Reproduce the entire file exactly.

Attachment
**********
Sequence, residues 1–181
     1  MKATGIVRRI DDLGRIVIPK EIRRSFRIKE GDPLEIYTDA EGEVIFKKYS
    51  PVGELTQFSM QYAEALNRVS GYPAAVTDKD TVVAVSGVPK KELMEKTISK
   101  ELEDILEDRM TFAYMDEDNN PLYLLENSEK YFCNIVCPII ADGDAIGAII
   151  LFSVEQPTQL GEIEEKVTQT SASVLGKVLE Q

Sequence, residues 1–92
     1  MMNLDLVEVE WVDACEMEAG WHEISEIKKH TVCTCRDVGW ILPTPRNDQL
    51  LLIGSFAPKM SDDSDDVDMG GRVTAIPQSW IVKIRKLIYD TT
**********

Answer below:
Sequence, residues 1–181
     1  MKATGIVRRI DDLGRIVIPK EIRRSFRIKE GDPLEIYTDA EGEVIFKKYS
    51  PVGELTQFSM QYAEALNRVS GYPAAVTDKD TVVAVSGVPK KELMEKTISK
   101  ELEDILEDRM TFAYMDEDNN PLYLLENSEK YFCNIVCPII ADGDAIGAII
   151  LFSVEQPTQL GEIEEKVTQT SASVLGKVLE Q

Sequence, residues 1–92
     1  MMNLDLVEVE WVDACEMEAG WHEISEIKKH TVCTCRDVGW ILPTPRNDQL
    51  LLIGSFAPKM SDDSDDVDMG GRVTAIPQSW IVKIRKLIYD TT